By Elise Armacost
Director, Public Safety Media & Communications
An email from one of the Baltimore County Police Department’s Community Resource officers, warning about the dangers of “Drano bombs,” has gone viral.
Over the past two weeks, we’ve fielded calls from news agencies, government offices and community leaders asking if the threat is “for real” and trying to gauge the extent of the problem. One of my neighbors called, asking if it’s safe to pick up a Pepsi bottle someone tossed in the front yard.
The answer is: yes, it’s probably safe. If the bottle looks like a normal bottle, go ahead and toss it in the trash.
But if it looks swollen or misshapen—as if it might burst—leave it alone and call 911.
Drano bombs, also called “bottle bombs,” are nothing new. Made from a few basic household items, they explode when gas generated by a chemical reaction inside the capped bottle builds to a breaking point. Our Arson & Bomb Unit says they’ve been around for years; typically, they’re constructed by juveniles fooling around with stuff they ought to leave alone.
Baltimore County is not experiencing a Drano bomb epidemic.
There were 13 Drano bomb cases in all of 2011. So far this year, police have documented six incidents involving the devices – two in the White Marsh precinct; one in the Franklin precinct; and, last week, three in the North Point precinct. Officers in the bomb squad say they typically see an uptick in these incidents at this time of year, just after school lets out.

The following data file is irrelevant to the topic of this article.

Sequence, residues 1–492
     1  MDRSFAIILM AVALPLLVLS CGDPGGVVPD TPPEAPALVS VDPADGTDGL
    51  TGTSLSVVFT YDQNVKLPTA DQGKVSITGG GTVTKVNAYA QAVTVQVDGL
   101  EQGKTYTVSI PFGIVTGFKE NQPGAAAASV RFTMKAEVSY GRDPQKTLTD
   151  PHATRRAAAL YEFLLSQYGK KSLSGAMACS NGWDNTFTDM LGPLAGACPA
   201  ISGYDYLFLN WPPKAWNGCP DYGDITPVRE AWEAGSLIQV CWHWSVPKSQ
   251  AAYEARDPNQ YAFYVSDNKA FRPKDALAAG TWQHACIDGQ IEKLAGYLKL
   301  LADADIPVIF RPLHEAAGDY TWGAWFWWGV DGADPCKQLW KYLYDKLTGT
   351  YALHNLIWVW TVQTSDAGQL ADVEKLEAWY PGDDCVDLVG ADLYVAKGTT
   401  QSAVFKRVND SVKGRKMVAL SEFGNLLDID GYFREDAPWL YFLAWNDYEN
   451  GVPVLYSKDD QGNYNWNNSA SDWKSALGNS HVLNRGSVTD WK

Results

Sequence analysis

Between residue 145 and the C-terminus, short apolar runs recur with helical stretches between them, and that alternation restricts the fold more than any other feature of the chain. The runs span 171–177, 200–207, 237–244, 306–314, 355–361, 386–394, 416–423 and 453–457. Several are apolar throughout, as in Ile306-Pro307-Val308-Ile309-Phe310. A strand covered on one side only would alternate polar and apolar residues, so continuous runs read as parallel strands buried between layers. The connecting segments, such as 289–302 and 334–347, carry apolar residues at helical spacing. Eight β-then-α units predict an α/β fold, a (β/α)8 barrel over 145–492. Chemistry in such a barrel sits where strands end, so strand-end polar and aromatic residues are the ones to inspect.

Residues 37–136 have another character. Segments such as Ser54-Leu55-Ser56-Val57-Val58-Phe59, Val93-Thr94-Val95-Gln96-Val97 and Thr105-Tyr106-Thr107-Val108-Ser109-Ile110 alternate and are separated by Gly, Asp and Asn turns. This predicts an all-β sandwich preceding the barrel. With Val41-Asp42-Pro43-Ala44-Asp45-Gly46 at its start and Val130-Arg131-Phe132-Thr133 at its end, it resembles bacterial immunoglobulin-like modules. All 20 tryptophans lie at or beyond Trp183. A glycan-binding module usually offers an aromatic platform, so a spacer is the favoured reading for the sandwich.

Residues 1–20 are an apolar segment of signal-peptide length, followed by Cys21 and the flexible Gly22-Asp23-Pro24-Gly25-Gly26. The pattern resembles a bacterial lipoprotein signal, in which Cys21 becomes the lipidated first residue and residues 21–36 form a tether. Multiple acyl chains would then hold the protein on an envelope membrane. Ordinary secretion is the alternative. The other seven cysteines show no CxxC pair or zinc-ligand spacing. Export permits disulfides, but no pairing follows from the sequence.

The Franklin incident involved the arrest of a 13-year-old boy. One of the North Point incidents occurred in the Dundalk High gymnasium and involved arrest of an 18-year-old student. In a different North Point incident, one person suffered minor injuries.
The lack of serious injuries is good news, because Drano bombs can cause severe injury, especially if they’re placed in a mailbox or other container that can turn to shrapnel if the device goes off.
The catch-22 in all this is that efforts to raise awareness about the dangers of Drano bombs may entice some kids (or adults) into experimenting with them. Such would-be pranksters should know that the law puts Drano bombs in the same category as the pipe bombs terrorists use. Building, setting off or possessing a Drano bomb is a felony; conviction can land you in jail for up to 25 years and/or cost you up to $250,000 in fines.